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From Mary Burgan
I have always wanted to be able to speak French. I’ve told myself that I’ll be ready to converse each of the few times I’ve landed in Paris. Then someone at the counter asks me a question and I panic and say, Parlez-vous anglais, s’il vous plaît?
That may be why I try to go to every French movie that comes out in America. I dream that if I go enough, I’ll master the language.
But mastering French is not the only reason to see French films. The best reason is that they are wonderful. I find French actresses–Deneuve, Huppert, Binoche, Béart, for example–extraordinarily beautiful and dynamic on the screen. (I can’t say the same about beauty for French actors because Montand, Depardieu, and Auteuil seem kind of homely and dull for my American taste. I make an exception for Alain Delon.)
In honor of Bastille Day on the 14th, I thought I would give a quick overview of French cinema — and give you my list of 10 French films that you should see.
I thought I had a great idea for this week’s movie review. I thought I’d write about Larry Crowne and Bad Teacher as samples of movies about teaching — the profession I spent my life pursuing. I knew that these current movies have done relatively well at the box office — they were 5th and 4th, respectively last weekend — even though they got mostly negative reviews. But I thought I could push out from them to a conversation about really good teacher movies.
We can have that conversation here, but first I have to say that my idea rated a D-. It’s not that Larry Crowne is unwatchable, but that it’s so mediocre that it’s only worth watching when it’s all that’s on the Lifetime network and you have insomnia and hope to be lulled to sleep. And then there’s Bad Teacher, which got some positive comments by those who dislike the sentiment of teacher movies like Larry Crowne. But Bad Teacher is so crude, mean, and vindictive that it makes Larry Crowne look like an enactment of Plato’s Symposium.
There has been a lot of controversy about Terrence Malick‘s new film The Tree of Life. Some critics call it “pretentious.” Others use words like “transcendent.” I am not going to use either word, but I will warn you not to go into the theater with a noisy bag of popcorn or a cough.
The opening twenty-some minutes are the quietest I’ve ever experienced, and the most solemn. You don’t want to be rattling paper as a family mourns the death of a son in stricken silence on the screen, or as an eerie flame flickers, signifying the beginning of creation.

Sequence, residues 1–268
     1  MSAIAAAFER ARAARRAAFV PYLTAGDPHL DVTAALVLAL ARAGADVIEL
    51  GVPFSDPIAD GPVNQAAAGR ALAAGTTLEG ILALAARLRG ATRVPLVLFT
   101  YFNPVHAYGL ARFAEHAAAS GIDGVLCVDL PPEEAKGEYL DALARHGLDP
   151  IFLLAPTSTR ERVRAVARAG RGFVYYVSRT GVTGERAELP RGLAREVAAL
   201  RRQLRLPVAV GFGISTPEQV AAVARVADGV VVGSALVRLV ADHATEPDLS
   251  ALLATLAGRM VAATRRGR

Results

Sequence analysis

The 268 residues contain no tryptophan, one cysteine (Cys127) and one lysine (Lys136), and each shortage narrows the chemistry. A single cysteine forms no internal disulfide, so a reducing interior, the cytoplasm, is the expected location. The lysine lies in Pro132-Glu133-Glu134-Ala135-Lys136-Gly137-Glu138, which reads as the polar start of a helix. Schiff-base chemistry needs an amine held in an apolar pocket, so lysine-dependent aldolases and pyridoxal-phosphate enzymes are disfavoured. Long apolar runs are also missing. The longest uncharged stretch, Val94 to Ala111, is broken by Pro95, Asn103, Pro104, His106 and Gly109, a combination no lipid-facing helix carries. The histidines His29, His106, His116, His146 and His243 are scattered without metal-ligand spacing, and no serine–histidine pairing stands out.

My down-to-earth introductory remark will suggest that I am a skeptic about this controversial film, as I am. But if I won’t call it “transcendent,” I won’t dismiss it as “pretentious” either. Malick’s previous work — Badlands and Days of Heaven are my favorites — calls for a little more reverence, after all, and The Tree of Life has intrinsic value not only in its aspirations but in its achievements.
Woody Allen has at last stopped casting himself in the role of the hero of his films, and that makes for a gain — and a loss. He was never all that convincing as the romantic lead, and indeed his effort to be the lover in his earlier movies made some of us uneasy. But Allen’s presence in those movies also gave an ironic undertone to his romanticism. When the narrative took off into meditations on the everlastingness of love, there was always the bespectacled little nerd saying, “Yes, but what about death?” That was the charm of a Woody Allen movie.
Lacking that small nugget of perversity, Midnight in Paris is a light, diverting fantasy, just in time for summer. In the film a gifted writer, Gil Pender, burdened by his own Hollywood success and a beautiful but lame-brained fiancée, finds freedom in associating with the artists of 1920s Paris. They become available to him only if he manages to get free from his girlfriend’s loud and careless experience of Paris every night at midnight. Finding himself in an atelier like Gertrude Stein’s apartment, he meets another enchanted romantic, in the person of Adriana, a Parisian artist’s model played by Marion Cotillard. Of course, he falls into an impossible romance about her.
So I finally broke down and went to a box office hit movie on the last night of Memorial Day weekend. I usually try to see “serious” films so as to direct Borderstan readers to the finer things at the movie houses. But I went to see Bridesmaids.
I worried about the film’s vaunted raunchiness. I usually reject the masculine sexual hi-jinks in comedies about weddings like the Hangover series. I’m never that much amused by them, and I didn’t want to see a feminine version of the usual mayhem.
In a good wedding film, though, love conquers all, and the guests leave happy. That happens, with lots of laughter, for more than one member of the wedding in Bridesmaids.
But it is June, and Bridesmaids looked like the best of the many wedding movies around. I’d rather take an over-the-top comedy about ordinary women than the air-brushed agonies of rarified pre-wedding misunderstandings that seem to be the premise for movies like Something Borrowed or Jump the Broom.